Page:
A new study has pointed out that increased irrigation efficiency does not translate into more water availability for other uses at the watershed level. The subsidies for increasing irrigation efficiency are intended to increase crop production as well as more return flow from irrigated areas that can be allocated to urban, domestic and industrial uses. But this does not seem to be happening.
The study, published in the journal, by Quentin Grafton of Australia with co-authors from France, UK and the underscores what has been observed in recent years. It cites Rajasthan as one of the examples where increased irrigation efficiency due to approaches such as drip irrigation has led to increases in crop yields and agricultural incomes. At the same time, there is also an increase in irrigated area and water withdrawals.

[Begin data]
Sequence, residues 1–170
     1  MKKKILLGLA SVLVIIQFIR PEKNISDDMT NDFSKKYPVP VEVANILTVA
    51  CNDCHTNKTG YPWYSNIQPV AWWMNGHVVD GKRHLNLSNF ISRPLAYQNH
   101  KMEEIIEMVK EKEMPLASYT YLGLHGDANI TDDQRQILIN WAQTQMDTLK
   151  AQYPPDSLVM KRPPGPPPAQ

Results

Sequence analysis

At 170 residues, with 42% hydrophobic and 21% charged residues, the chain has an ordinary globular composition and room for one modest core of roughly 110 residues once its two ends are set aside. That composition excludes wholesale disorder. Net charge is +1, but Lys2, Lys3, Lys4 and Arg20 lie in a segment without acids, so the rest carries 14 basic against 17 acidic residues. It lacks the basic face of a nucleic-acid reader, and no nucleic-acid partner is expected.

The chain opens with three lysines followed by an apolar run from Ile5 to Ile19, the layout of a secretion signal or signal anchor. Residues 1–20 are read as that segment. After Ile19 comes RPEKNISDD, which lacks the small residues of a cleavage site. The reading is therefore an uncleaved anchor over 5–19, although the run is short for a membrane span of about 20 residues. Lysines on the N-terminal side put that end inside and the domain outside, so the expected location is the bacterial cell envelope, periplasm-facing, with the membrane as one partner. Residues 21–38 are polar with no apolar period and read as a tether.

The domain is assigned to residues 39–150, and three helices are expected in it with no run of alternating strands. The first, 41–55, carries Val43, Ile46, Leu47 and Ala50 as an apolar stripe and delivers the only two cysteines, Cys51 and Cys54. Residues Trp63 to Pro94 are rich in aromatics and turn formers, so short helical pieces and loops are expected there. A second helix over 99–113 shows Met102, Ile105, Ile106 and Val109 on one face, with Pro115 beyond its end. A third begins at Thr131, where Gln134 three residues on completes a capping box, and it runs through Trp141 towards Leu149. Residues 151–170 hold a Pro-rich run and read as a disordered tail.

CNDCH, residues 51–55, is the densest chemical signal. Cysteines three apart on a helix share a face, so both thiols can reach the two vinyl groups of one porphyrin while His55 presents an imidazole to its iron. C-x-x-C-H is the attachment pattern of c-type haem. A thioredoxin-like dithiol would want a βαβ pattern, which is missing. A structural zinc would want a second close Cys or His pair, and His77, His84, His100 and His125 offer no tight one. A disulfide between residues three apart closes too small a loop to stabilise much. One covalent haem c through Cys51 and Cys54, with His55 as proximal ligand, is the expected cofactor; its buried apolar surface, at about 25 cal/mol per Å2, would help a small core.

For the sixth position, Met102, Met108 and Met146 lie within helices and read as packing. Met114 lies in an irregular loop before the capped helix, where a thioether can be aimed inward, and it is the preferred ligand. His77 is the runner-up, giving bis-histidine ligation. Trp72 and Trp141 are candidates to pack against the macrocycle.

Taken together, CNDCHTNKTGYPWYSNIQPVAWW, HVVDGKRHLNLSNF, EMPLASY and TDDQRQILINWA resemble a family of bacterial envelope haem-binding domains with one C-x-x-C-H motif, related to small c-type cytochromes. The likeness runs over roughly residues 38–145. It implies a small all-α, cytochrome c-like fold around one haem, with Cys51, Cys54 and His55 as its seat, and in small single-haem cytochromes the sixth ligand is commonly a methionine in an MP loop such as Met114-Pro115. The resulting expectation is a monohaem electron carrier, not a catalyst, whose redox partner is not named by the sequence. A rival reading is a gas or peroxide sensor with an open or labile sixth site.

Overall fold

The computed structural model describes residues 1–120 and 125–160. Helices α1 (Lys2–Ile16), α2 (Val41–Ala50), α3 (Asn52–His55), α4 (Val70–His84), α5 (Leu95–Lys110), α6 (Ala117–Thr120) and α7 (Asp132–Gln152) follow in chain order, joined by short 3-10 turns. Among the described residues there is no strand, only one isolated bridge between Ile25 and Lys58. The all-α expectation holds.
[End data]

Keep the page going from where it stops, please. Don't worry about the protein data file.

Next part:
While groundwater management is under the purview of state governments, the central government incentives to the state focus on irrigation efficiency as a step towards climate resilience. A 2017 study by the US geographer Trevor Birkenholtz had reported that farmers adopting drip irrigation are generally commercial-scale farmers who can afford the high costs and are also aware of increasing water demand from drip irrigation. Considering that nearly 80% of water supply for both irrigation and domestic use is from groundwater, dependence on irrigation efficiency for groundwater sustainability may be misplaced.